6. sunburnSunburn. You don’t need an open fire to burn yourself. When sunlight hits your skin, your skin absorbs both ultraviolet A (UVA) and ultraviolet B (UVB) rays. UVB rays are the main cause of sunburn, which is a mild or first-degree burn. Prevent sunburn by applying sunscreen to all exposed skin before you go out in the sun, Harvard Medical School says. Reapply at least once every two hours.
  7. chlorine and brominePool chemicals. Many caustic chemicals, including chlorine used to treat swimming pool water, can cause chemical burns if they come into contact with skin. It is important for owners of residential, commercial and civic pools and water parks to ensure that chlorine and other caustic chemicals are used in correct amounts and are stored under lock and key when not in use.
  8. exitHotels and motels. Because about 1,000 fires occur in hotels and motels every year, summer vacationers need to take stock of their surroundings when they check in at their travel destinations, the American Burn Association says. Identify multiple escape routes from your room, including stairways and exits. When making reservations, ask for a room close to ground level and ask whether the lodging has smoke alarms and sprinklers.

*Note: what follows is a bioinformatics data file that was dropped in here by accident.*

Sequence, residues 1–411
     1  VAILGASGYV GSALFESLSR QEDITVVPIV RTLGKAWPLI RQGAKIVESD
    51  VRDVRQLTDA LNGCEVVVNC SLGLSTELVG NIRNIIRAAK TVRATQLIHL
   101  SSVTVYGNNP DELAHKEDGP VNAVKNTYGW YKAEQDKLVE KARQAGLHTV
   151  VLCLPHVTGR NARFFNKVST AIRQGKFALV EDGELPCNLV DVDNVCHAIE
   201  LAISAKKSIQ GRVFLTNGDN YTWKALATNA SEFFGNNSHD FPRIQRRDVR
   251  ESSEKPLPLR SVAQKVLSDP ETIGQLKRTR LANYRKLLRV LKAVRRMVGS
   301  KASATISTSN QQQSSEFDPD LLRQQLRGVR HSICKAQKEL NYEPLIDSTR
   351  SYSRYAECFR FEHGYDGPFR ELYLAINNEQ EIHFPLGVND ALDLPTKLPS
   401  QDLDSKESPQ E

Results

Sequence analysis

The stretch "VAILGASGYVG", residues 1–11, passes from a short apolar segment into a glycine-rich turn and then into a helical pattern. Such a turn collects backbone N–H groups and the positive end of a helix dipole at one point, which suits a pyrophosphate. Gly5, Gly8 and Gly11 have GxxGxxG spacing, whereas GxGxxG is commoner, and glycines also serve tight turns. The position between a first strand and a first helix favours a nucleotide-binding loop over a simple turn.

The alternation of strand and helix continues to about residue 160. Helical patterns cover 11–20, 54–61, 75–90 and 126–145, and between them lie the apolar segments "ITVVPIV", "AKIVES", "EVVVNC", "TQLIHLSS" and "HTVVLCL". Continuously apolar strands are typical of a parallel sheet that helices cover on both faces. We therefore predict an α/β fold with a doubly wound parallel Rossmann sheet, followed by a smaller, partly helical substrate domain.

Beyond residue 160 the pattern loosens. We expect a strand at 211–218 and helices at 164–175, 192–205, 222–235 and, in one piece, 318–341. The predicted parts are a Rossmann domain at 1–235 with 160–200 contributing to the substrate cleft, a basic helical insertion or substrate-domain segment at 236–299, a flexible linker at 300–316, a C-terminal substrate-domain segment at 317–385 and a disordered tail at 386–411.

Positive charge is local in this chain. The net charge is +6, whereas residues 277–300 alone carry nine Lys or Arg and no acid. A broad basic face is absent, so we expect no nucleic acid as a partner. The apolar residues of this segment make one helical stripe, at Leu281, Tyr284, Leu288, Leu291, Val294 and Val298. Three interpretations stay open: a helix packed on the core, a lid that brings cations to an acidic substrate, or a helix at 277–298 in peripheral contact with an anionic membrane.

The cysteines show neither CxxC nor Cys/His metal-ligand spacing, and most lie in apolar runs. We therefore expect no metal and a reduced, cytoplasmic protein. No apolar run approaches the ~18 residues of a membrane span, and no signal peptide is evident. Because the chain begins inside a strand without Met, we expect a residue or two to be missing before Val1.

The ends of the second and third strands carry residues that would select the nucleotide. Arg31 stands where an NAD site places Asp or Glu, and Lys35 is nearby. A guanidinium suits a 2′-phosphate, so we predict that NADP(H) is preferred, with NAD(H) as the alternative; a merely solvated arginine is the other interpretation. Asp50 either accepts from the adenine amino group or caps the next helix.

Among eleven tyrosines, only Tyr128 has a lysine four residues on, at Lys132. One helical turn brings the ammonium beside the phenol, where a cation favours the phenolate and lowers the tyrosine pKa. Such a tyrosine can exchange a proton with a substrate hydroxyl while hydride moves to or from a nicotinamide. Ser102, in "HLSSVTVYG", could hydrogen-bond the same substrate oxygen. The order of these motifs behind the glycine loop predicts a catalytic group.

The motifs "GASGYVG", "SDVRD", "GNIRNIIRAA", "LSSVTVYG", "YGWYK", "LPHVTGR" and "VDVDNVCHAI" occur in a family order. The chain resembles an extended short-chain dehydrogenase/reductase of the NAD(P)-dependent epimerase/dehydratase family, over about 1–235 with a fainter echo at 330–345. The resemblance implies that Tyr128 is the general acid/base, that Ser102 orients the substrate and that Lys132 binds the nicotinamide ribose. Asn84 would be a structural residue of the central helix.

9. lightningLightning. Every year 1,200 people are injured and up to 100 are killed by lightning strikes, according to the American Burn Association. Burn injuries caused by lightning are mild to severe electrical burns. You do not have to be directly hit by lightning to be affected. Lightning can travel along the ground to strike to you. It can also jump from nearby objects that are struck. Lightning can strike from miles away with little or no warning. The ABA says that if you can see lightning, take shelter. If you can hear thunder, it’s time to suspend activities to avoid risk of a lightning strike.
  10. wildfireWildfire. In an urban area like Boston, your chance of encountering wildfire is less than it might be if you were traveling to the South, Southwest or Western U.S. for summer vacation. But the National Fire Protection Association says local fire departments responded to an estimated average of 334,200 brush, grass and forest fires per year from 2007-2011. This translates to 915 such fires per day. The Sunrise fire, which burned 5,000 acres on Long Island, NY, in August 1995 made clear to many the fact that the East can have massive wildfires similar to the West, the National Interagency Fire Center says.

Painful and disfiguring burn injuries take a heavy toll on burn victims and are extremely costly to treat. More serious burn injuries often require multiple corrective surgeries. If you have suffered a burn injury caused by the negligence of another person or a defective product in Boston, contact our Boston burn injury lawyers who can explain your legal options to seek compensation to cover your medical bills and other expenses. Call 1-800 Michael Kelly Injury Lawyers for help in a free consultation today.

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Michael D. Kelly has a diverse background that provides a breadth of legal knowledge that he draws upon in serving his clients. Kelly compiled an excellent academic record during his three years at New England Law in Boston.